Dynotrowel

Born in the brickolithic period and now a near extinct species,
Ancient master of trowels and pointers, with a bad prognoses.
Natural habitat, barren land, a rich concrete dust atmosphere,
Scattered with mixers and half bats, completely disappeared.

Scales are bronzed, tattooed and thoroughly weather-beaten,
Body is a monument to the many full English’s I have eaten.
Alert, tired, hooded eyes are again surveying strange terrain,
Fondly viewing the ageing edifices, I’ve created, once again.

Walking toward the setting sun, casting a very strange shadow,
Stooped, carrying a dusty old bag and wildly smoking tobacco.
There it is, my magnum opus, my life’s work is now complete,
Last of my kind, with bricklayer’s hands and pterodactyl feet.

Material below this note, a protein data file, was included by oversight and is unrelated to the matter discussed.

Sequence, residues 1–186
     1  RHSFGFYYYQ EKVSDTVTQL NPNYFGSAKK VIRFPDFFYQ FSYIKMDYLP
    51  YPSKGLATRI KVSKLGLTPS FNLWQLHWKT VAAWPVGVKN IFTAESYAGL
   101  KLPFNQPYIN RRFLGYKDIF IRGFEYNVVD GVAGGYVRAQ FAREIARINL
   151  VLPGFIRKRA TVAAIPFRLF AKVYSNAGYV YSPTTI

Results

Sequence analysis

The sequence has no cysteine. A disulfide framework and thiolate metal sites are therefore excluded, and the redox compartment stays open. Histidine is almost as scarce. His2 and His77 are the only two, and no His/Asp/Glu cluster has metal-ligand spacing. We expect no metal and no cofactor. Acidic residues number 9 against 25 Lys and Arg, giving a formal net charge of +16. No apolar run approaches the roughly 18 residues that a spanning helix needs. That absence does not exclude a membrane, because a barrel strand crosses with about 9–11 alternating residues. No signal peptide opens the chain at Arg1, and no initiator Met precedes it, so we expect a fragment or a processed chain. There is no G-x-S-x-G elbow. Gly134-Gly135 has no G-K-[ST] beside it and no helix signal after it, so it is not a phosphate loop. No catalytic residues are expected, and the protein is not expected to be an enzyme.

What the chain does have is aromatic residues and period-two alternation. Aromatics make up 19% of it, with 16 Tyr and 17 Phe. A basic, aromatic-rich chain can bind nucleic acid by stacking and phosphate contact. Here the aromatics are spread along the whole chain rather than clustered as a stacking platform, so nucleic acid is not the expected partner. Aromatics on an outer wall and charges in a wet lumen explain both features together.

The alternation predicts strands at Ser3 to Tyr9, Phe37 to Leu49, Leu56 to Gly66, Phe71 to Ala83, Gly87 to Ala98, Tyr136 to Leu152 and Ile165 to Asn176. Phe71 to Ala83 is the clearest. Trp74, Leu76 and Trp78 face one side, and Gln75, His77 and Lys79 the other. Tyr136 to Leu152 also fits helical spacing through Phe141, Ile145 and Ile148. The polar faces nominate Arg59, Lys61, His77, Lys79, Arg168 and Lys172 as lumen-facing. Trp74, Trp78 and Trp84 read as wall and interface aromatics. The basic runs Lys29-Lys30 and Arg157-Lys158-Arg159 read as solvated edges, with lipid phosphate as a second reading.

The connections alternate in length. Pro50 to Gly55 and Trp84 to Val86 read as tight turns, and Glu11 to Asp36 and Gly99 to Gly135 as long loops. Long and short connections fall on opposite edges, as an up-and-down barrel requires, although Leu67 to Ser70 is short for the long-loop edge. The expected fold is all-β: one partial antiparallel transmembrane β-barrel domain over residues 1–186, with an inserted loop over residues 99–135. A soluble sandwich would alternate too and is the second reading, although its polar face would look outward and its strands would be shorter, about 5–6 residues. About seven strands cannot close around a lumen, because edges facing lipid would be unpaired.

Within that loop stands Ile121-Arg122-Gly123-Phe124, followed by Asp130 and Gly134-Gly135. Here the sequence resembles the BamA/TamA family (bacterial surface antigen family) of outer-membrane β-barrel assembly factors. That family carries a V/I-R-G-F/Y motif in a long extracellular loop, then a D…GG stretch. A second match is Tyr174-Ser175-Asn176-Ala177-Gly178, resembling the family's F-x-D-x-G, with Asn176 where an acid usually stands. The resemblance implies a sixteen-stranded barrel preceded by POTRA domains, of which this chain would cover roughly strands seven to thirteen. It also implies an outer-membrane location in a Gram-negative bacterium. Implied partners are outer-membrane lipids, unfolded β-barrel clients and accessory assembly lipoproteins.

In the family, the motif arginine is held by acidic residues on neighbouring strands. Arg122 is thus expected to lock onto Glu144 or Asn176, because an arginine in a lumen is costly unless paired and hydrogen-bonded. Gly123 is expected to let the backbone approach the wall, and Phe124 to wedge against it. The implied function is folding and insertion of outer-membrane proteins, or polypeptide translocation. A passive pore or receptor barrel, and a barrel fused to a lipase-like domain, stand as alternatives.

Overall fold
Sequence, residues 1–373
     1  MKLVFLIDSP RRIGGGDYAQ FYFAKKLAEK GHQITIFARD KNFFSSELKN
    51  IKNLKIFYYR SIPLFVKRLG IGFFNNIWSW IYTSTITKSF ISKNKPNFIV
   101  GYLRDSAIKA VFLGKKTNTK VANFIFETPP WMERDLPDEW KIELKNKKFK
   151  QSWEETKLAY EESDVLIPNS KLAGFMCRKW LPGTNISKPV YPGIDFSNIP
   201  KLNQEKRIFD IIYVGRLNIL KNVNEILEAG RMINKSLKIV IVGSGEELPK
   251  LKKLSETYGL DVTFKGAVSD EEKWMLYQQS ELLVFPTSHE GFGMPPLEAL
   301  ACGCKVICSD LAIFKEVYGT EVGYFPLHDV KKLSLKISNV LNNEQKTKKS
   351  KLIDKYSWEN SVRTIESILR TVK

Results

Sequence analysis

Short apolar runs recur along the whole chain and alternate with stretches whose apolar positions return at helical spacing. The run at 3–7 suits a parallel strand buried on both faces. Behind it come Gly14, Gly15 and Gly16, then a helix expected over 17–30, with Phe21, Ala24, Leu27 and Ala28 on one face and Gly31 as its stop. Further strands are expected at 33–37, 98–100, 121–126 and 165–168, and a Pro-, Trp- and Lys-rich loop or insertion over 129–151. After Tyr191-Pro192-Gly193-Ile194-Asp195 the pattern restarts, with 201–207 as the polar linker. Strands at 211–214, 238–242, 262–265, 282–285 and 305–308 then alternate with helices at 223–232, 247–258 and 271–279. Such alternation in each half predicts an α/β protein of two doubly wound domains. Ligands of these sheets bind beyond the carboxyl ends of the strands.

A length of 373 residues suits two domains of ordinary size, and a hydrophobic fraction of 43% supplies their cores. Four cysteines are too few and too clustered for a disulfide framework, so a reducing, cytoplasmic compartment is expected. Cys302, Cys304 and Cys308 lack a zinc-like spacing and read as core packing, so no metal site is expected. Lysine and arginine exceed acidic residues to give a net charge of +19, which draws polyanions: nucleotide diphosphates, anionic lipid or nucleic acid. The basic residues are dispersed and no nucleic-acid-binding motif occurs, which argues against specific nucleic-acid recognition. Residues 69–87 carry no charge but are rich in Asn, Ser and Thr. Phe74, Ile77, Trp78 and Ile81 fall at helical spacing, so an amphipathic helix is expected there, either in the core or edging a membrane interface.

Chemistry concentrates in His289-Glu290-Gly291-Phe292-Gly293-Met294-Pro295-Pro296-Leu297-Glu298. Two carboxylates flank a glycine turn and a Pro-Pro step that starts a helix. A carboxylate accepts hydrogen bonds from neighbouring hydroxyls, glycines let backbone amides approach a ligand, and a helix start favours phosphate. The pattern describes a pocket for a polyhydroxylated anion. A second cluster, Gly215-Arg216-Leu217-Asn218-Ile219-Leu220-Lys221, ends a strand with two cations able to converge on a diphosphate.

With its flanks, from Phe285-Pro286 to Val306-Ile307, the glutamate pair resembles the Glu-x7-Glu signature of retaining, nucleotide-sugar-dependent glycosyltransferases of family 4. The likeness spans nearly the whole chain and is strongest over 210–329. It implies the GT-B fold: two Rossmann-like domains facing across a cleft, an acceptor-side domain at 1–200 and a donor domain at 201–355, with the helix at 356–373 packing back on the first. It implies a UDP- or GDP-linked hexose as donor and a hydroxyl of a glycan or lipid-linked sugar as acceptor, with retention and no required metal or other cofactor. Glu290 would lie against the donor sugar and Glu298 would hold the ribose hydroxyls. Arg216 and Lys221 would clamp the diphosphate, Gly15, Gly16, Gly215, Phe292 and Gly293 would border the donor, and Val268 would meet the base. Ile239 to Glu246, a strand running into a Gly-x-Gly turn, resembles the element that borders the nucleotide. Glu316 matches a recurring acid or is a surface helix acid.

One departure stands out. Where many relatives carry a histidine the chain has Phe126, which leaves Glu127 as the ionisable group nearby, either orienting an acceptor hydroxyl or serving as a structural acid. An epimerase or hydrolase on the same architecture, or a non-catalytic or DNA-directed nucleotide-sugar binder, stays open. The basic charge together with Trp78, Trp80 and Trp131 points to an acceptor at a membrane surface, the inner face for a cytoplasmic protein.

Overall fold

Loot

Makes me think that ...

Bricklaying is a serious skill, especially when you have bricklayer's hands, pterodactyl feet and an English breakfast body. Dynotrowel seems to have it all.

2016

Lorraine Ansell

Narrator:

This poem is narrated by Lorraine Ansell​ a British female voice over artist who is graciously supporting WorkInWords.

If you would like to make a recording of this poem, click here to find out how.

More people are writing and thinking about work-based poetry. Does this poem make you think of anything? Send your thoughts to editor@workinwords.net.

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